Group of Retirees To Appeal Detroit’s Pension Cuts

scissors cutting one dollar bill in half

The judge overseeing Detroit’s bankruptcy, Judge Steven Rhodes, said this month there was a 25 percent chance his ruling allowing pension cuts could be overturned if appealed.

That was enough to give a small group of retirees hope. The group, consisting of 133 working and retired city employees, is appealing the city’s pension cuts and asked Rhodes on Monday to delay the cuts until after an appeal can be heard.

From the Detroit News:

In a court filing, the group of retirees, survivors and city workers cited the 4-to-1 odds the Denver Broncos will win Super Bowl XLIX on Feb. 1 as part of their justification for time to appeal.

“Therefore, there is a reasonable likelihood of prevailing on the merits,” retired Detroit police officer and attorney Jamie S. Fields wrote in court motion for a limited stay of Rhodes’ ruling.

The appellants asked for a limited stay that wouldn’t impact other settlements tied to Detroit’s plan to fix city services and shed $7 billion in debt.

Fields, who retired in 2010 as a deputy police chief, argued Detroit should not be able “to avoid any meaningful appellate review of the unprecedented approach” used to forge settlements with labor unions, retiree groups, the city’s pension funds and financial creditors.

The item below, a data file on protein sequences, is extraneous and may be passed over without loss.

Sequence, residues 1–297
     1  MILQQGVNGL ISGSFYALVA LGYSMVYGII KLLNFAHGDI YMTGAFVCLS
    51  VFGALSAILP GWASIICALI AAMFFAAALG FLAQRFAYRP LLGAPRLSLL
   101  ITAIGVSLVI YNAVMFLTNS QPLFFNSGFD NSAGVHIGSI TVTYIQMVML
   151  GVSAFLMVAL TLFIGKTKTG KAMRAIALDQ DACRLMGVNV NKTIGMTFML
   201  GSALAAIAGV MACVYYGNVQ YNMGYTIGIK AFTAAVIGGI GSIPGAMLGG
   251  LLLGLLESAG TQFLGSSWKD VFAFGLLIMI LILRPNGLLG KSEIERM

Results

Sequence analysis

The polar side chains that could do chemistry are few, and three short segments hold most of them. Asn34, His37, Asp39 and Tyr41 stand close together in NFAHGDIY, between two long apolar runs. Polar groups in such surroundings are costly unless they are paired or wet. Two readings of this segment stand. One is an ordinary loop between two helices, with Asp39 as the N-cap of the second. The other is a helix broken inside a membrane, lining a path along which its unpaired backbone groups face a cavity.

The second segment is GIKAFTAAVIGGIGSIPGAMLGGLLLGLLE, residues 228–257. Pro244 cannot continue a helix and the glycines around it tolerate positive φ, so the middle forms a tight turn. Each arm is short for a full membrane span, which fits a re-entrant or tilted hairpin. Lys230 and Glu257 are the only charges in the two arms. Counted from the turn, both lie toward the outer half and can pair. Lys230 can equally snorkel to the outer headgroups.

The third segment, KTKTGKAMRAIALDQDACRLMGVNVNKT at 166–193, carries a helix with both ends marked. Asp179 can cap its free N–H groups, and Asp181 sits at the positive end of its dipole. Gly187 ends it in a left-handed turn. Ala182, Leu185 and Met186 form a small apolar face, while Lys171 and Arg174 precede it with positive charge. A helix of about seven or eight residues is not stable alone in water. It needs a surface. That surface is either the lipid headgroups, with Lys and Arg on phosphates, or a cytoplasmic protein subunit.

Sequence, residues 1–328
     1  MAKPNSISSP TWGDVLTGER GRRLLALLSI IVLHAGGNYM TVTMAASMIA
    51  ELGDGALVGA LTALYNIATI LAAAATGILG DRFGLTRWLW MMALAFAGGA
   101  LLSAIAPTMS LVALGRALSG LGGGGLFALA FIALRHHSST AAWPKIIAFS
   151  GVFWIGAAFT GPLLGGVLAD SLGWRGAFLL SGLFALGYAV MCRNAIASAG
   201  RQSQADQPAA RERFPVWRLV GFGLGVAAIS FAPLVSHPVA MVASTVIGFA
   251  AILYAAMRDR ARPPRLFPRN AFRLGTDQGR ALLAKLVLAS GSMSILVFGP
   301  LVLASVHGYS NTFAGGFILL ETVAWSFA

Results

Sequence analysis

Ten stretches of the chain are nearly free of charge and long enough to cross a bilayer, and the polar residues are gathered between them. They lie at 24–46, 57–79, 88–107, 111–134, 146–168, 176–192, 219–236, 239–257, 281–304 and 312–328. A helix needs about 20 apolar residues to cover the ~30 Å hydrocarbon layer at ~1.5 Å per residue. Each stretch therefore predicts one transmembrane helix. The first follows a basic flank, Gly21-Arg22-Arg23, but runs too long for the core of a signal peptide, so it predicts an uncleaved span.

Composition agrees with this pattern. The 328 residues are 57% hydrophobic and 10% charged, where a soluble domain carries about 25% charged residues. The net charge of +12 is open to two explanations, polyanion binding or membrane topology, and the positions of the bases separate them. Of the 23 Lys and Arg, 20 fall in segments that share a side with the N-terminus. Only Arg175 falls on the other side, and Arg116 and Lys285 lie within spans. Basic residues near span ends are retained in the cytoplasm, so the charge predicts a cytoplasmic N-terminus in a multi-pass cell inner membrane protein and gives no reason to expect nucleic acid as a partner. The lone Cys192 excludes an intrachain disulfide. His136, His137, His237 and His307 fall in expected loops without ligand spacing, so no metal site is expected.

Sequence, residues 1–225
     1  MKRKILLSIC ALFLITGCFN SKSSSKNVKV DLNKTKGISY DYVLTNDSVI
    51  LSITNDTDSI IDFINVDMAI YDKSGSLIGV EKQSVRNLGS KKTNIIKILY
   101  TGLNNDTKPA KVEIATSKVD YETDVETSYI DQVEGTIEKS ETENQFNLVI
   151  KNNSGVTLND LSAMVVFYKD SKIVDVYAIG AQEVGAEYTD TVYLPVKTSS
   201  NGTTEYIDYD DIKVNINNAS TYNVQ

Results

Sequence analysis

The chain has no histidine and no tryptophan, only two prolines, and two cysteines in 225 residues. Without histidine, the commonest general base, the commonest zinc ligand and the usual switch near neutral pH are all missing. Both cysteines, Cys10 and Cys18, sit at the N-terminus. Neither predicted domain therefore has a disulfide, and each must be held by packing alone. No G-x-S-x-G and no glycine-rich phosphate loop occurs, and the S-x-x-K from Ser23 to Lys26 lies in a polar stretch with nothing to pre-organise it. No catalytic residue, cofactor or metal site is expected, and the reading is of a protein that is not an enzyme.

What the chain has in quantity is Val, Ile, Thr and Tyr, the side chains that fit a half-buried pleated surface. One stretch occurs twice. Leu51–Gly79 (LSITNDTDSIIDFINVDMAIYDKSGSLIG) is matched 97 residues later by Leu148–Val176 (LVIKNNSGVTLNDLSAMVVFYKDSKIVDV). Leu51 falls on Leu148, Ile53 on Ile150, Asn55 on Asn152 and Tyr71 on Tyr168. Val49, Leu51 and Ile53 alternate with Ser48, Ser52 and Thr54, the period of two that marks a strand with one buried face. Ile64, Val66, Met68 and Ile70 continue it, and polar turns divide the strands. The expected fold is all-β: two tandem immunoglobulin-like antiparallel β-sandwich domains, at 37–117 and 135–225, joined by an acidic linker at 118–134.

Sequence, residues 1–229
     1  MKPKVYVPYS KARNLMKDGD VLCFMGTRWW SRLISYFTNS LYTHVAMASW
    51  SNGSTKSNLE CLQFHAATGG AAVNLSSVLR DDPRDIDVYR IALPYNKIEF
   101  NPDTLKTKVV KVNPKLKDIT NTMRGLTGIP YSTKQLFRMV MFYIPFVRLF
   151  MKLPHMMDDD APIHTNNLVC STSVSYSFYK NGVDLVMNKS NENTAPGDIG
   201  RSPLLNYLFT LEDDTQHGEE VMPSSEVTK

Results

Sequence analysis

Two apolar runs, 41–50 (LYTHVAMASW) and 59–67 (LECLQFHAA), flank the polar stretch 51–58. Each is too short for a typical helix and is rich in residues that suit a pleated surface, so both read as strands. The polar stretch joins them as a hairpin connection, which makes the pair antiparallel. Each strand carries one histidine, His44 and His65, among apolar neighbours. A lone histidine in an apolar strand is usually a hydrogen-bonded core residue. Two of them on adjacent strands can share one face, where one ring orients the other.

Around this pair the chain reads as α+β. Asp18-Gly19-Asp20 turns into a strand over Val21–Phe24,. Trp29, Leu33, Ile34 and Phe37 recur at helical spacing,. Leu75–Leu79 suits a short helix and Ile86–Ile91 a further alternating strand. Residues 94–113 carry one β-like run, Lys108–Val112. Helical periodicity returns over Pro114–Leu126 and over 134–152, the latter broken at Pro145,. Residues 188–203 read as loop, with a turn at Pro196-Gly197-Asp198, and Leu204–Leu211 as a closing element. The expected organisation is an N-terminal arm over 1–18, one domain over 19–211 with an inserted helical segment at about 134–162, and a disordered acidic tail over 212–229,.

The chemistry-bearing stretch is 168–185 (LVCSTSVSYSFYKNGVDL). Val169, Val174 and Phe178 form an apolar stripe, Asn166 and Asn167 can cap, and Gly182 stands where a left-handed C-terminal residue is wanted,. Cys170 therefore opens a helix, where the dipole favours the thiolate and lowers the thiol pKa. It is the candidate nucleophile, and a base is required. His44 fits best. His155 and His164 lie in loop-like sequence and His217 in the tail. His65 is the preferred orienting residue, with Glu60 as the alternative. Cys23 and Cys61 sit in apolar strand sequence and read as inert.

In his Nov. 7 ruling from the bench, Rhodes acknowledged the pension reductions could be a “real hardship” for some retirees.

“The pension reductions in the pension settlement are minor compared to any reasonably foreseeable outcome for these creditors without the pension settlement and the grand bargain,” Rhodes said.

The pension cuts were voted on and approved by city workers over the summer. They include a 4.5 percent benefit cut for general city retirees, and a reduced COLA (from 2.25 percent to 1 percent annually) for public safety retirees.


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